Space exploration and working up there seems to be old hat these days with so many launches to the International Space Station, but things still go wrong. This past week something very scary happened to one of the astronauts.
Two days after his helmet flooded during a spacewalk, astronaut Luca Parmitano relived the experience Thursday, describing how water kept trickling into his helmet until big globs covered his eyes, then his nose. It was hard to see, he said, and he could not hear.
Just imagine being in this situation. Stuck out in space. Your helmet filling with water. You can’t see, hear, and probably are almost to the point where you can’t breathe. This would be scary if you were on Earth, but he was in SPACE. I doubt the thing on his mind was rfid credit cards.
“For a couple of minutes there, maybe more than a couple of minutes, I experienced what it’s like to be a goldfish in a fishbowl — from the point of view of the goldfish,” Parmitano said in a TV interview from the International Space Station.
Parmitano said he used his memory to make his way back into the space station. His spacewalking partner, Christopher Cassidy, was a big help.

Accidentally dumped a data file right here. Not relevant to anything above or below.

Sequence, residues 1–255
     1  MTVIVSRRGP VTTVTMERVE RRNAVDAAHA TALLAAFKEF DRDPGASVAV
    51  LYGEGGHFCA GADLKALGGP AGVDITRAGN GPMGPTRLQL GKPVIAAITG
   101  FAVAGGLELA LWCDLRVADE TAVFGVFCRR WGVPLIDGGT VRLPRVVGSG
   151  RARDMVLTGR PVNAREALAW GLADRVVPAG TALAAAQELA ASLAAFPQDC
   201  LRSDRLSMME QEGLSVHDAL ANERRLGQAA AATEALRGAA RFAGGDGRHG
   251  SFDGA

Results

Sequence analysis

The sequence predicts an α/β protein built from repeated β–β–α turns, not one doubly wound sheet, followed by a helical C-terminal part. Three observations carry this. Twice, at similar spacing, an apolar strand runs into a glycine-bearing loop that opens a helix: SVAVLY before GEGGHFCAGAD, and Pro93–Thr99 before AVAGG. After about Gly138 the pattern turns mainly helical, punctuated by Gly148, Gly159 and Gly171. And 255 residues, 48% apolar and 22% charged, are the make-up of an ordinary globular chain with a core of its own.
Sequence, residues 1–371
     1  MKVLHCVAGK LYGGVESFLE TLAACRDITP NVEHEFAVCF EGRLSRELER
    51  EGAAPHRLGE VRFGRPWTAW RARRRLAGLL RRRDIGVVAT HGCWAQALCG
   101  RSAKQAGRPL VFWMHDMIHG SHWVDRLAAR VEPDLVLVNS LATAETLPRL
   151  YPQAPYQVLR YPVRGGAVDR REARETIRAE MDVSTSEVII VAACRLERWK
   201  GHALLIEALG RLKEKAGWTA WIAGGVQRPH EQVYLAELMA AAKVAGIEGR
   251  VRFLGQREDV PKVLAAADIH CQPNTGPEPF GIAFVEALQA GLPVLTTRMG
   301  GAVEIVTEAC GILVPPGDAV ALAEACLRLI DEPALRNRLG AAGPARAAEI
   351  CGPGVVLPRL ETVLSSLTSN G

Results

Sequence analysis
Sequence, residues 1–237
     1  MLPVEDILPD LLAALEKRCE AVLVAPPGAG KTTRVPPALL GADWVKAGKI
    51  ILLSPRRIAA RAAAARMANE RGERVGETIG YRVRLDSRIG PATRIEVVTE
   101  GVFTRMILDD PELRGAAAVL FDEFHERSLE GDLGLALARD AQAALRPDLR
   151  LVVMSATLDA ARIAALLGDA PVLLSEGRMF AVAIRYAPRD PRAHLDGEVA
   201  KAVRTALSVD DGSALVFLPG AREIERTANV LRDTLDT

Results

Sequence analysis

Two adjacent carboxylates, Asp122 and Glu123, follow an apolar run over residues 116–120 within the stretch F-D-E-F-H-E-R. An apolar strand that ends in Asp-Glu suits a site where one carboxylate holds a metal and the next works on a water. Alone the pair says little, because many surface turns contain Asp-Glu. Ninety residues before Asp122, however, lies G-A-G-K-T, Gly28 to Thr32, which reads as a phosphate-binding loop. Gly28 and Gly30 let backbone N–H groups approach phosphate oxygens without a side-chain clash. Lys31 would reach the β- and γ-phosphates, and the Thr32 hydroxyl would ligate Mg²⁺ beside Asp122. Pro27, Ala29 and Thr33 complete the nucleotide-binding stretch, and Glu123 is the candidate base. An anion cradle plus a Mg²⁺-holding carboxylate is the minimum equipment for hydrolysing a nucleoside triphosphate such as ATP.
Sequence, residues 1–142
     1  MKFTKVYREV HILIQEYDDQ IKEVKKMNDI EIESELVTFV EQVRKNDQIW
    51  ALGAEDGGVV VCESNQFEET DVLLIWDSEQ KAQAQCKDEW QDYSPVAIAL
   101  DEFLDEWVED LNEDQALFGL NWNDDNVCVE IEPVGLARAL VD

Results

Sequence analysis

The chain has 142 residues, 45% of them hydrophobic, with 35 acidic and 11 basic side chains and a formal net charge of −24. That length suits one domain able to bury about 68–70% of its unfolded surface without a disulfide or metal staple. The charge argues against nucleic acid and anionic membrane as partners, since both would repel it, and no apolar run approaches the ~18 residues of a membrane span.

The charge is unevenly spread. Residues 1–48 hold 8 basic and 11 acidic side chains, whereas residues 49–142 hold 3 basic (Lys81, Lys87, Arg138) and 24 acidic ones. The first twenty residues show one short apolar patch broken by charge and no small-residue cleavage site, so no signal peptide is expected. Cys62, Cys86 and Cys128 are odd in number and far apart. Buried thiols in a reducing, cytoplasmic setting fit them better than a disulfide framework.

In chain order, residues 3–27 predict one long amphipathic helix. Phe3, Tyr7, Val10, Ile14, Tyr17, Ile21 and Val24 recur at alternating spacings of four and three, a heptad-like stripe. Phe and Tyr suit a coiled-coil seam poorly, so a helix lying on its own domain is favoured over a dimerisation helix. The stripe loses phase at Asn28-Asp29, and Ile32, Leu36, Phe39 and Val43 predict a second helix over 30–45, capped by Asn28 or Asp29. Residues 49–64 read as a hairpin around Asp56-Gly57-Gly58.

“The water kept trickling until it completely covered my eyes and my nose,” Parmitano said.
The sun was setting as the spacewalkers made their way back, making it harder to maneuver in the darkness.
“All those things sort of came together at the perfect storm, so to speak, for us to deal with,” Cassidy told TV reporters.
Cassidy said the space station crew reviewed the spacewalk procedures in advance and discussed possible emergencies.
“But lo and behold, what happened was not one of those items that we discussed,” said Cassidy, 43, a former Navy SEAL.
“My own gut feeling,” Cassidy said, “I knew it was time to end it when I saw the water creeping around his communications cap, kind of right by his eyelid. I knew that was a significant amount of water to be in a helmet, and it was time to go in.”
Parmitano was low key as he recounted the experience. Once the helmet came off, he said, “that was the end of it.”
Filed under: Space, Space Tech
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